Eleven years later, on the other hand, when Nagano talked to Jinshiro Nakayama, his story had vastly expanded. Below are quotes from Nakayama’s interview with Nagano in 1920 in Victoria. The story of Nagano is found on pages 37-42 of his book, Kanada Doho Hatten Taikan (Encyclopedia of Japanese in Canada), Vancouver, 1922. Below is Rigenda Sumida’s condensed translation in 1934. Note that Nagano is now claiming he arrived in New Westminster not Victoria as he had told Ishidate in 1909.

Is he a man of destiny or a man who builds his own destiny? I cannot know with confidence that I know the answer. He was illiterate as he had received no formal education, and thus he never used sophisticated ways of expression. . .Manzo Nagano at the age of 19 became a sailor and in 1877 came to Canada but remained in New Westminster when his boat left. He borrowed a boat and with an Italian partner, engaged in salmon fishing in the Fraser River, the forerunner of the hundreds of Japanese fishermen to follow.

In 1880, he came to Vancouver, then more popularly known as Gastown, where he was a longshoreman. But he was apparently an adventurous spirit for, unable to settle down, he sailed to Shanghai, then to Nagasaki, then to Hong Kong and in 1884 back to New Westminster, at which time he found seven or eight Japanese engaged in fishing.

He went to the United States and once more entered fishing, but one day was driven by a storm up the Fraser River in 1886. This time, he found five Japanese fishermen in New Westminster. He returned to Seattle and entered business, but in 1891 returned to Japan.3

In 1892, he again came to Canada, this time to Victoria, where he opened a store, and in 1894 initiated the salt-salmon industry in British Columbia. In 1898, he brought a wife to Canada and finally settled down in Victoria.4 

Nakayama’s version of Nagano’s story contradicts key points of the earlier Ishidate version. The place of his arrival is only the first of many disagreements. Nagano claimed that during those years after 1877 he worked as a deckhand, fisherman, longshoreman, and entered into business in Seattle—before returning to Japan in 1891.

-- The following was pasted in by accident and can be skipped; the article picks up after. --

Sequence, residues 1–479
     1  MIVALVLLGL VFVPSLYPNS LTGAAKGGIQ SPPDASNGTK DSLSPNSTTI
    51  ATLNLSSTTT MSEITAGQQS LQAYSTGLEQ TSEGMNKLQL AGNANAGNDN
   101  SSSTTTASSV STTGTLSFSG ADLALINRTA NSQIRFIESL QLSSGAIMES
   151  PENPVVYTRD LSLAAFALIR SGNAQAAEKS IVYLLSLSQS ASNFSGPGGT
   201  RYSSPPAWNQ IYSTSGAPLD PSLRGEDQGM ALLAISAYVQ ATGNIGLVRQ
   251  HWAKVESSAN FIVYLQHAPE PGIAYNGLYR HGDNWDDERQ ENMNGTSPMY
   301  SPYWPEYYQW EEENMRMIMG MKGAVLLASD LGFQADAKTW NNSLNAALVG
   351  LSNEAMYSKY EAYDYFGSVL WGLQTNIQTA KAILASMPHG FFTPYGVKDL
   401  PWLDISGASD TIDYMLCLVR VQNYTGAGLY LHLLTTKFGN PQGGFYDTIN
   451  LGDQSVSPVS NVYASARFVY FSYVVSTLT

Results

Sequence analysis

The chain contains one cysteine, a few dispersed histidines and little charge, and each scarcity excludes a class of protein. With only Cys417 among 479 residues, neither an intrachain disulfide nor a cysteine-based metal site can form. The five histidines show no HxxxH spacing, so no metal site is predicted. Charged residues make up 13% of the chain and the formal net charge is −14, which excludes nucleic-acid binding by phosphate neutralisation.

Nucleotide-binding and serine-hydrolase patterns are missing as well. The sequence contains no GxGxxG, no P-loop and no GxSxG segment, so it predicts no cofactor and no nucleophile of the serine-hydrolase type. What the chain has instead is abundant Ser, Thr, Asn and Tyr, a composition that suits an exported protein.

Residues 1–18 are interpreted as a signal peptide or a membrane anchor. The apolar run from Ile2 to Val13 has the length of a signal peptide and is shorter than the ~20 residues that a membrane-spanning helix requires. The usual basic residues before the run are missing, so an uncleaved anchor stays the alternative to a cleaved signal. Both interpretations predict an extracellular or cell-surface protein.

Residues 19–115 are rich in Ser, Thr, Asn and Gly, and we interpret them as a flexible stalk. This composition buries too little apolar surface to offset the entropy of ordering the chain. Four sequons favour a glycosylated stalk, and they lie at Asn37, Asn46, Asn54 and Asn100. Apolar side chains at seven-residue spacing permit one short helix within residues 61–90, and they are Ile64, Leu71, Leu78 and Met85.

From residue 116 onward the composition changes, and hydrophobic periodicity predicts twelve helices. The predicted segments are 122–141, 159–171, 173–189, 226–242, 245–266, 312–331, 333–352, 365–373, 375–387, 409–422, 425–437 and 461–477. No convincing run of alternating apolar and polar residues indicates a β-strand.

Manzo Nagano, seated (centre) with his wife Tayoko on the right and George’s wife Seki on the left. Standing behind on the left is oldest son George and on the right son Frank. 1910. (Nagano family photo)

In Nagano’s account given to Nakayama, he mentioned that he had returned to Japan in 1898 to marry his wife, Tayoko. What he left out of his story was that she was his third wife. Evidence confirms that Nagano married twice in Japan between 1886 and 1891 (years he claimed he was at sea, in New Westminster or Seattle). Nagano’s first wife, Sayo, produced a son Tatsuo (George) in 1887 in Japan. Sayo died in Japan (although no record of her death can be found).

When Nagano arrived in Victoria in 1892, he was accompanied by his second wife Tsuya. She gave birth to a daughter Haru the next year. Unfortunately both died within seven months and are buried in Ross Bay Cemetery in Victoria.

His third wife, Tayoko Ishi from Tokyo, was 32 when she married Nagano. Frank Terumaro was born on October 3, 1898, in Victoria, Tayoko’s only child. Nagano’s oldest son by his first wife, George, had accompanied Tayoko on the move to Victoria. After Frank’s birth there were no more children. Both boys grew to manhood and spent the rest of their lives in North America.

The first fact of Nagano’s story above that can be corroborated is his claim to have come to Canada in 1892. In 1893 he is listed in the Victoria city directory as J. M. Nagano, (“J” was for “Jack”, his adopted English name). He was operating the Oriental Bazaar at 90 Douglas Street.5 Since the information would have been gathered the year before, he was definitely in the city in 1892.